- Nearly half of U.S. adults with high blood pressure reported theirs was under control by 2010.
- The increase in blood pressure control may be due to more use of multiple drug combinations.
- Older people, blacks and people with diabetes and chronic kidney disease have higher rates of high blood pressure and Mexican-Americans are least likely to take blood pressure medications.
Improvements in blood pressure control were most likely due to wider use of multiple drug combinations , researchers said.
Researchers at the National Center for Health Statistics (NCHS) interviewed 9,320 hypertensive participants in the National Health and Nutrition Examination Survey (NHANES) 2001-10. By the end of 2010, 47 percent had controlled blood pressure — up from 29 percent 10 years earlier.
The in-person survey is the first to compare blood pressure control rates before and after the Joint National Committee (JNC7) treatment guidelines were published in 2003.
Under JNC7 guidelines, many patients may need combination therapy with two or more drugs to achieve adequate blood pressure control.
In the study, almost two-thirds of those on combination therapy had controlled blood pressure by 2010, and the use of multiple drugs increased from 37 percent in 2001 to 48 percent by 2010.
Compared with using one drug, single and multiple-pill combinations were associated with 55 percent and 26 percent increased likelihood of control, respectively.
“Much progress has been made in blood pressure control over the last 10-year period and the use of multiple drug combinations apparently has had an effect,” said Qiuping Gu, M.D., Ph.D., an epidemiologist at the NCHS.
Lower cost of medications and their availability in generic form as well as increased awareness of the risk of uncontrolled high blood pressure has also had a positive effect.
But some issues continue to be problematic, researchers said.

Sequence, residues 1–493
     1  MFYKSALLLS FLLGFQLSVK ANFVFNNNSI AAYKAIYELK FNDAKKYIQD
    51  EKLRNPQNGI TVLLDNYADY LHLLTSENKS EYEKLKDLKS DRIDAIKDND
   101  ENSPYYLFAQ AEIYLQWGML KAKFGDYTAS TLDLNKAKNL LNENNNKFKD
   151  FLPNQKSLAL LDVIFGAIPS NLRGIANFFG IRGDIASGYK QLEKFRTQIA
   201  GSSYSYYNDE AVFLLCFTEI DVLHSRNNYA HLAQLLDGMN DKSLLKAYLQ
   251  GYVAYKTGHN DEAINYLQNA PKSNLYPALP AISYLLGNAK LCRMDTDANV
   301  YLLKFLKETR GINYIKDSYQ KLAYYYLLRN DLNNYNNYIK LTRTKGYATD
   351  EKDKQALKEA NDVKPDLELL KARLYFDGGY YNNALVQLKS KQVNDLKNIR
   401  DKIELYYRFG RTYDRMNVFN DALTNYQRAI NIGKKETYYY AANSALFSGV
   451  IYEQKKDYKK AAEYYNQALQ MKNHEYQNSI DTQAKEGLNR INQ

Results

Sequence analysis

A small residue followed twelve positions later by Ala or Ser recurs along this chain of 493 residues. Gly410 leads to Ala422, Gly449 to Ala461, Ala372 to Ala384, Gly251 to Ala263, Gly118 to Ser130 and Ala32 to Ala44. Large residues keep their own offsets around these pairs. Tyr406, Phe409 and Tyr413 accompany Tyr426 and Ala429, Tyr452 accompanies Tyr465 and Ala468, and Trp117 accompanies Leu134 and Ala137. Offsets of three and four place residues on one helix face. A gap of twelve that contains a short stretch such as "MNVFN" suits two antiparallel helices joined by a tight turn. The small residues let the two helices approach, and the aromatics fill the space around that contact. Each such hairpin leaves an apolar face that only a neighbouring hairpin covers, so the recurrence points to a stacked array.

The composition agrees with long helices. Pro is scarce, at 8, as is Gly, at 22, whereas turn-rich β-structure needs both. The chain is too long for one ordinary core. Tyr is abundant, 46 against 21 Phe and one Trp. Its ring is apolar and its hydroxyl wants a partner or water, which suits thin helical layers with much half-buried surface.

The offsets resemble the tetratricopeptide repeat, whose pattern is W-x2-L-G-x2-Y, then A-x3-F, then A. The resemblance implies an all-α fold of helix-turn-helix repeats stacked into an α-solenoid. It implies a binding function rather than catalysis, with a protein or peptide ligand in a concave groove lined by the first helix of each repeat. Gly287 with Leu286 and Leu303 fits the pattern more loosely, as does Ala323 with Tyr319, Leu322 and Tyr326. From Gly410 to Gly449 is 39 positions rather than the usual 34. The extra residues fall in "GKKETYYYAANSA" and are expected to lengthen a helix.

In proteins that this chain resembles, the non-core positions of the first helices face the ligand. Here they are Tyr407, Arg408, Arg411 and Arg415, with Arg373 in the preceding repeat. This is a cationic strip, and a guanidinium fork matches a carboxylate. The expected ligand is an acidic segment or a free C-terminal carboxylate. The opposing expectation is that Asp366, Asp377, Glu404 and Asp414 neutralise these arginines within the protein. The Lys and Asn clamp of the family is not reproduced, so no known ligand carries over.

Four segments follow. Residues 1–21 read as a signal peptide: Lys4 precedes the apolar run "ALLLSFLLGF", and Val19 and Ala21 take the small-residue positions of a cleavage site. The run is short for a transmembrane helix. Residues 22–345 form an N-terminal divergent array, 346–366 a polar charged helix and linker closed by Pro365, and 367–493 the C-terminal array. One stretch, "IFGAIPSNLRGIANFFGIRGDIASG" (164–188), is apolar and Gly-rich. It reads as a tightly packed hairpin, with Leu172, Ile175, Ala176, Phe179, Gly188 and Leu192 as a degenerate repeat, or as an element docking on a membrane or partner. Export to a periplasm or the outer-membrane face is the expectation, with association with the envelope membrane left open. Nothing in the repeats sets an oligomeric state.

The national hypertension treatment guidelines recommended thiazide diuretics as initial drug therapy for most patients with uncomplicated hypertension, yet their overall use remains comparatively low. In addition, “nearly half of the hypertensive population is not being treated with combination therapy,” said Charles F. Dillon, M.D., Ph.D., co-author of the study.
Moreover, rates were lower for older Americans, African-Americans and people with diabetes and chronic kidney disease. Mexican-Americans were least likely to take any kind of blood pressure medication.
“While there are possibly several factors involved, more needs to be learned about why only 34 percent of Mexican-Americans with hypertension have their blood pressure under control,” Gu said. Participants were only asked about medications used in the prior month, so those who might have taken medications previously were classified as non-users.
Furthermore, NHANES blood pressure measurements were only collected one time, so some people in the study may have been misclassified.
Other co-authors are: Vicki L. Burt, Sc.M., R.N.; Charles F. Dillon, M.D., Ph.D.; and Sarah Yoon, Ph.D. Author disclosures are on the manuscript.
NCHS is part of the U.S. Centers for Disease Control and Prevention.
For high blood pressure information visit www.heart.org/hbp .
Statements and conclusions of study authors published in American Heart Association scientific journals are solely those of the study authors and do not necessarily reflect the association’s policy or position. The association makes no representation or guarantee as to their accuracy or reliability. The association receives funding primarily from individuals; foundations and corporations (including pharmaceutical, device manufacturers and other companies) also make donations and fund specific association programs and events. The association has strict policies to prevent these relationships from influencing the science content. Revenues from pharmaceutical and device corporations are available at www.heart.org/corporatefunding .
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